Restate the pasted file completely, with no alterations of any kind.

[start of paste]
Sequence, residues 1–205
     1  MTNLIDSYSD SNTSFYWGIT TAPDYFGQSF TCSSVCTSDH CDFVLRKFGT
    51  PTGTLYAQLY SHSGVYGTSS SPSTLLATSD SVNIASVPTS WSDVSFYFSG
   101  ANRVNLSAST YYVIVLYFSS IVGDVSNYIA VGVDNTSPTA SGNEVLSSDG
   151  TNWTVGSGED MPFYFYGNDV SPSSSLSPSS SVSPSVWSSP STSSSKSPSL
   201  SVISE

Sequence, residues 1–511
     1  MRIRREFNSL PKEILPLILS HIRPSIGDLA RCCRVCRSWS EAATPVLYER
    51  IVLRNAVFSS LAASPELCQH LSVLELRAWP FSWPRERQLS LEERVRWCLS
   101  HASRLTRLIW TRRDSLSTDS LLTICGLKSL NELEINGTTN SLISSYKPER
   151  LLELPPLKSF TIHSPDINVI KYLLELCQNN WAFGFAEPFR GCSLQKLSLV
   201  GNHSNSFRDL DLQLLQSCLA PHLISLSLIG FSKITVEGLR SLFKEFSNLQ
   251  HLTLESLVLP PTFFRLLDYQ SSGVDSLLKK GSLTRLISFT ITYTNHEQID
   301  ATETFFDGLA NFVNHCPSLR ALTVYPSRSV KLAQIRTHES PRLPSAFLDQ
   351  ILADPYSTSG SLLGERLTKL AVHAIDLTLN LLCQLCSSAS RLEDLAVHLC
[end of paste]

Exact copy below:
Sequence, residues 1–205
     1  MTNLIDSYSD SNTSFYWGIT TAPDYFGQSF TCSSVCTSDH CDFVLRKFGT
    51  PTGTLYAQLY SHSGVYGTSS SPSTLLATSD SVNIASVPTS WSDVSFYFSG
   101  ANRVNLSAST YYVIVLYFSS IVGDVSNYIA VGVDNTSPTA SGNEVLSSDG
   151  TNWTVGSGED MPFYFYGNDV SPSSSLSPSS SVSPSVWSSP STSSSKSPSL
   201  SVISE

Sequence, residues 1–511
     1  MRIRREFNSL PKEILPLILS HIRPSIGDLA RCCRVCRSWS EAATPVLYER
    51  IVLRNAVFSS LAASPELCQH LSVLELRAWP FSWPRERQLS LEERVRWCLS
   101  HASRLTRLIW TRRDSLSTDS LLTICGLKSL NELEINGTTN SLISSYKPER
   151  LLELPPLKSF TIHSPDINVI KYLLELCQNN WAFGFAEPFR GCSLQKLSLV
   201  GNHSNSFRDL DLQLLQSCLA PHLISLSLIG FSKITVEGLR SLFKEFSNLQ
   251  HLTLESLVLP PTFFRLLDYQ SSGVDSLLKK GSLTRLISFT ITYTNHEQID
   301  ATETFFDGLA NFVNHCPSLR ALTVYPSRSV KLAQIRTHES PRLPSAFLDQ
   351  ILADPYSTSG SLLGERLTKL AVHAIDLTLN LLCQLCSSAS RLEDLAVHLC